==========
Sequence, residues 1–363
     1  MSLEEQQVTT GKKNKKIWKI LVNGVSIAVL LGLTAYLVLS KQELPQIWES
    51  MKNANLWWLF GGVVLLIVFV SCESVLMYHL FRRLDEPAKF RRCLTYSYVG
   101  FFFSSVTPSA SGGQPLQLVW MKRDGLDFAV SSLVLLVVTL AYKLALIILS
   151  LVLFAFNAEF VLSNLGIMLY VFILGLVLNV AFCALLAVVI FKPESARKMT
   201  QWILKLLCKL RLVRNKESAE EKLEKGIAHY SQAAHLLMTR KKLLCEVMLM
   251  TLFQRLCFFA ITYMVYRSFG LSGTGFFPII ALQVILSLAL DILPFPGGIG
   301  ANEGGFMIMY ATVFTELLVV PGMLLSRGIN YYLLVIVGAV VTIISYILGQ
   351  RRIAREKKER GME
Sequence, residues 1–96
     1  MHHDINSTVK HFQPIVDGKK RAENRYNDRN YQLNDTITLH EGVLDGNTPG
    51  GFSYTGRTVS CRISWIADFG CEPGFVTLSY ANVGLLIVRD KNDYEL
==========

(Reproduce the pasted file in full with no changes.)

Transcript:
Sequence, residues 1–363
     1  MSLEEQQVTT GKKNKKIWKI LVNGVSIAVL LGLTAYLVLS KQELPQIWES
    51  MKNANLWWLF GGVVLLIVFV SCESVLMYHL FRRLDEPAKF RRCLTYSYVG
   101  FFFSSVTPSA SGGQPLQLVW MKRDGLDFAV SSLVLLVVTL AYKLALIILS
   151  LVLFAFNAEF VLSNLGIMLY VFILGLVLNV AFCALLAVVI FKPESARKMT
   201  QWILKLLCKL RLVRNKESAE EKLEKGIAHY SQAAHLLMTR KKLLCEVMLM
   251  TLFQRLCFFA ITYMVYRSFG LSGTGFFPII ALQVILSLAL DILPFPGGIG
   301  ANEGGFMIMY ATVFTELLVV PGMLLSRGIN YYLLVIVGAV VTIISYILGQ
   351  RRIAREKKER GME
Sequence, residues 1–96
     1  MHHDINSTVK HFQPIVDGKK RAENRYNDRN YQLNDTITLH EGVLDGNTPG
    51  GFSYTGRTVS CRISWIADFG CEPGFVTLSY ANVGLLIVRD KNDYEL